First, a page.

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Discussion Starter · #1 ·
why is it so hard to find good shops to put bikes back together. I have a 95 ZX7/9R sitting in storage and I have called a few motorcycle shops and no one wants to work on older bikes.. madness.. why? is there no money in it or are they just not doing it because parts and things are hard to find..
 

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1993 Zx-7 L Model, 2006 ZX-10R
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why is it so hard to find good shops to put bikes back together. I have a 95 ZX7/9R sitting in storage and I have called a few motorcycle shops and no one wants to work on older bikes.. madness.. why? is there no money in it or are they just not doing it because parts and things are hard to find..
Both? I'm lucky enough to have found 2 guys willing to work on my 93 when it's beyond my capabilities. Im in North Central FL
 

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Not many technician's left with the skills to diagnose carb/electrical issues. Easier to just plug in a laptop and have the bike tell you. Plus like you said, limited parts available.
I have had shops work on an engine with fueling/ignition issues, and had it return to me running just as bad as my original crap tune. At least they tried? :unsure:
 

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‘83 Gpz750 Resto-mod, ‘78 Kz1000 Resto-mod, ‘18 Z900RS
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Don’t forget a third reason: the snowball effect. One thing is fixed but another two are found, which turns into three more etc until labor, and parts sonewhat, are not far off from the value of the bike.

A $1500 engine rebuild doesn’t make much sense to some on a $2500 bike. (Just throwing out numbers.)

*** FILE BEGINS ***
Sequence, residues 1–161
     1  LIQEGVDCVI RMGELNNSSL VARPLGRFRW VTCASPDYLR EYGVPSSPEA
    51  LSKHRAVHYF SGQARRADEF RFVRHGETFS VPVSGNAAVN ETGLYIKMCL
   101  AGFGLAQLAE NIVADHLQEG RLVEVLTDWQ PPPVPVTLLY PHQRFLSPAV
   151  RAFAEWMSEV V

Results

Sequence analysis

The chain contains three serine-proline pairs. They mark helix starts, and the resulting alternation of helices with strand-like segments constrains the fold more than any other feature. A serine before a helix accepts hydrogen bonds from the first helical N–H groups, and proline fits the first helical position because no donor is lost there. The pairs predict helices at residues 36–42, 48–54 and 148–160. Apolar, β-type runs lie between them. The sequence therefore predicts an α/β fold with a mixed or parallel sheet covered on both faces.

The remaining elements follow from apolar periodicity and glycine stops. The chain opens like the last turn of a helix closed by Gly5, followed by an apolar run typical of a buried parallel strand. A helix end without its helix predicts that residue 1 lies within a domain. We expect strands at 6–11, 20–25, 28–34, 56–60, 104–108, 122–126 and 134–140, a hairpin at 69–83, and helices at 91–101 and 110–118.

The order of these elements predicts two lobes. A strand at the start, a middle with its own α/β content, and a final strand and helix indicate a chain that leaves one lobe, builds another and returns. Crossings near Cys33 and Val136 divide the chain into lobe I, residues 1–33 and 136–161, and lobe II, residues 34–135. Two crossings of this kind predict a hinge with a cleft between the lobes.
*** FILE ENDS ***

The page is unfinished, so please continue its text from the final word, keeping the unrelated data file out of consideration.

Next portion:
Later, Doug
 

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I'm an old school guy, shut it 57, and had to join a vintage yamaha forum to work on my 43 year old DT175 with a 6 volt system .
Then one thing after the other and more research and trying to find parts.
Nobody wants to spend the time and effort
If it's not plug n play then they don't want it
 

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1993 Zx-7 L Model, 2006 ZX-10R
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1993 Zx-7 L Model, 2006 ZX-10R
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Not sure how mechanically inclined you are but there are some pretty smart guys here that can help you out
His bike is a bit of a project. Basically, he picked up someone else's 9r conversion. It's pretty straight forward as far as the swap goes. But, I don't think he got everything he needed to make it work. Specifically the ram air plumbing. There's going to be a good amount of time spent hunting for parts to make his bike road-worthy.
 
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· 7777
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What ever do you mean EZ?

What year is the 7? If it's 96+ contact BRG to get the parts you need. They are the only game in town, sadly .... Just make sure what you need. They have no clue how the application if it works, what year needs what, etc.
 

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1993 Zx-7 L Model, 2006 ZX-10R
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What ever do you mean EZ?